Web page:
Eket Local Government occupies the South Central portion of Akwa Ibom State territorial expanses spanning Northwards between Latitudes 4°33’ and 4°45’ and Eastwards between Longitudes 7°52’ and 5°02’. Eket is bounded on the North by Nsit Ubium Local Government Area, on the East by Esit Eket Local Government Area, on the West by Onna Local Government Area and on the South by Ibeno Local Government Area/Bight of Bonny. Eket is popularly known as “Idong Mfianwe.” This name anchored on two major reasons: first, there is a town in Switzerland called “Eket.” This buttressed the fact that the first person to write on Eket was a Swiss national. Second, Eket was the hub of political and economic activities just like Calabar and Lagos. This led to the heavy presence to white colonial administrators and businessmen in Eket. There is an elevated land inhabited by the whites which is still referred to as “Abod Okokoro” or “Abod Afianwe” located at Ikot Ibiok. Because of this long interaction with the white men, Eket people always look neat and knowledgeable and thus attracted the name “Ndito Mfianwe.” Besides, Eket people are very enterprising, sociable, accommodating and hospitable. They are a special breed of people imbued with love and bounded by strong ties of common aspiration.
Eket Local Government is an offshoot of the Qua Iboe District of 1885 administered by vice consul White House. The Qua Iboe District embraced what is today most part of Akwa Ibom State including Esit Eket, Onna, Ibeno, Nsit Ubium, Etinan, Abak, Etim Ekpo, Oron, Mbo, Okobo, Urue Offong/Oruko, Udung Uko, etc. Between 1893 and 1899, Eket became one of the consular posts with the first District consul appointed in 1898. By 1905, the area was reduced to Oron, Eket, Esit Eket and part of Nsit Ubium. Although the British signed a treaty with Eket people on September 1884, British Administration really started in 1885 by the vice consul White House who later became consul in Calabar.
Eket continued to be a District Council until after the Second World War, when it was made a Division with a wide area of authority. Eket has existed as an Administrative Headquarters for more than one hundred (100) years, when the then Head of State, Col. Yakubu Gowon created 12 States in 1967, Eket became one of the ten (10) Divisions in the then South Eastern State. With the 1976 Local Government Reforms, Eket became one of the then 301 Local Government Areas in Nigeria.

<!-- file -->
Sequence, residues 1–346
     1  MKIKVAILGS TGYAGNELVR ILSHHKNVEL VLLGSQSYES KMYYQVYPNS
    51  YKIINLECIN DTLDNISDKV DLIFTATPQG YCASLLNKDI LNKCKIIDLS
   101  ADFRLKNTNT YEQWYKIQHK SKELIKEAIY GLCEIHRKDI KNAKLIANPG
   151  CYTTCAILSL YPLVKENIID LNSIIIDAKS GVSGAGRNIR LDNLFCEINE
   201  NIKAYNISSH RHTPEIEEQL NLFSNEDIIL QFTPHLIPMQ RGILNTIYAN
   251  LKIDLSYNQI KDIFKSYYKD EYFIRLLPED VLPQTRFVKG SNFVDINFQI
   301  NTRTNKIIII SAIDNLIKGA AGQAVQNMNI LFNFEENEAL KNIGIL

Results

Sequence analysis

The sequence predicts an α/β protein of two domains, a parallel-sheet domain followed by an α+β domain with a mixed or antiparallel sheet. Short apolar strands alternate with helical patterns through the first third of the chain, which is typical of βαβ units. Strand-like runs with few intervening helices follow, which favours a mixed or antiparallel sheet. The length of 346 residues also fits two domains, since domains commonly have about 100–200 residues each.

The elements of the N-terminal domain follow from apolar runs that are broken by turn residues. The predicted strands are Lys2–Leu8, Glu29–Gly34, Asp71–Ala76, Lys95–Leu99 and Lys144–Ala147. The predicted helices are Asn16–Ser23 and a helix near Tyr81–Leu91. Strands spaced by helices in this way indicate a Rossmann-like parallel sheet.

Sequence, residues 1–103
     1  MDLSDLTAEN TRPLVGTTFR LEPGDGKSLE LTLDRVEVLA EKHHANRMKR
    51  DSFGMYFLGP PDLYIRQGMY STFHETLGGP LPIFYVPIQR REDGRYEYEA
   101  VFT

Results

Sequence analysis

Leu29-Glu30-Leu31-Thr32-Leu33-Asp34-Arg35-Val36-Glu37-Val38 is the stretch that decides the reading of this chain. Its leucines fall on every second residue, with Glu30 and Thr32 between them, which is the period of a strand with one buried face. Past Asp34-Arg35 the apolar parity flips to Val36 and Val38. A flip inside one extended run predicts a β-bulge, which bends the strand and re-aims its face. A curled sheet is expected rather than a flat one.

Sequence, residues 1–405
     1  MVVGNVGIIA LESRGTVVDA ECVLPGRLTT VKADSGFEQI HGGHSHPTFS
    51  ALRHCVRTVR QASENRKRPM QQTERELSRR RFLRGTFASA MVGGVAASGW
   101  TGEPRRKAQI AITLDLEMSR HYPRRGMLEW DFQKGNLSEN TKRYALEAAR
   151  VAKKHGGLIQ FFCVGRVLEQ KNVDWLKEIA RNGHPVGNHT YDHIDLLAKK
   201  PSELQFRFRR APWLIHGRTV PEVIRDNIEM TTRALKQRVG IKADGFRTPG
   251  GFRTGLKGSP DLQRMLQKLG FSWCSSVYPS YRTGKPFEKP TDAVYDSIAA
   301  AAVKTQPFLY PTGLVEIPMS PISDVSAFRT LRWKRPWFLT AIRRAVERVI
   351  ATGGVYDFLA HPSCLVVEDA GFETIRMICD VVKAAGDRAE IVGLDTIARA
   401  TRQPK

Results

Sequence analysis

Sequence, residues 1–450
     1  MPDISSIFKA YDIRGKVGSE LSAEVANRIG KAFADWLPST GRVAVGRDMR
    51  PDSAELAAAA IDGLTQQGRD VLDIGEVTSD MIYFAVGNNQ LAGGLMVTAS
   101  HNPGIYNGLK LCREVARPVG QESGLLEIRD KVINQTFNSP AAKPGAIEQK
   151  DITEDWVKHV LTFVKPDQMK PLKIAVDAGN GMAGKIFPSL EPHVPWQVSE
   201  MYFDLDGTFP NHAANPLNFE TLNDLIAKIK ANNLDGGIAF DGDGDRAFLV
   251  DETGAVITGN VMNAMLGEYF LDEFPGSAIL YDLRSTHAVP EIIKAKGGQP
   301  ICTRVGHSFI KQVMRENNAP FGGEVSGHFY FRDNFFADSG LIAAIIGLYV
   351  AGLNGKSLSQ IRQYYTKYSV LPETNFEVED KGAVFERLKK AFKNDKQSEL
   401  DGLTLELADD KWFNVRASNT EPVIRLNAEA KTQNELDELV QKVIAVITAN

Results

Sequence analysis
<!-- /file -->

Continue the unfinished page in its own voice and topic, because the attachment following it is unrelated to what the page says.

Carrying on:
Eket is blessed with the rich and enviable cultural heritage. “Ekid,” the language spoken by Eket and Esit Eket Local Government Areas conveys a unique culture and identity to the people. Eket has a plethora of cultural display such as Ekong, Eka-Ekong, Mbok, Obon, Ekang, Ibang-Isong, Akata, Nnabo, Ibem, Ekpe-Obon, Nkuho, Ekpe, Ntok Unaidi. There are also many cultural practices and ceremonial prevalent in Eket and which have a defined pattern. These include burial ceremony, coronation, marriage, status initiation, land-holding, extended family system, harvesting of palm fruits, births and child-naming ceremony. Although Eket is one of those communities that embraced Christianity early, traditional religious practices are still prevalent such as the Supreme God (Abasi Anyong), some people believe in and worship deities (Edoho – “Abasi Isong”.)
The physical relief of Eket Local Government Area is basically flat, though with some marshy river-washed soils around the banks of Qua Iboe River. Eket Local Government falls within the tropical zone wherein its dominant vegetation is the green foliage of trees/shrubs and the oil palm tree belt. The Local Government has two seasons: the wet season and the dry season.
There are tourist attractions In the local Government Area that are privately managed. They include hotels gardens and parks, these and many more has made the area to play host to the international oil giants, Exxon Mobil.
Abundant deposit of crude oil and clay. Forest resources include timber, palm produce while the area is also noted for sea food production. Farm crops range from yam, cassava, coco-yam, plantain to maize and vegetables.
Traditionally, Eket people are fishermen, hunters, farmers, weavers
The people of Eket are believed to have migrated from Cameroun during the Great Movement of the Bantu Stock of Africa. The migration brought the people to the location around the mouth of Cross River, which they claim as their first settlement with Oron people along the estuary of Cross River. The movement continued along the coast into the Qua Iboe River Territory, their present location.
Eket people had early contact with the outside world long before the slave trade era. In 1850, European trading companies like UAC, PZ and GB Olivant, French and German trading stores were established in Eket. And in 1887, Rev. Samuel Alexander Bill landed at Upenekang (Ekang’s place, which was then a fishing settlement in Eket) by sea and established Qua Iboe Church of Nigeria, and converted Eket people to Christianity.
|* Source: 2006 National Census|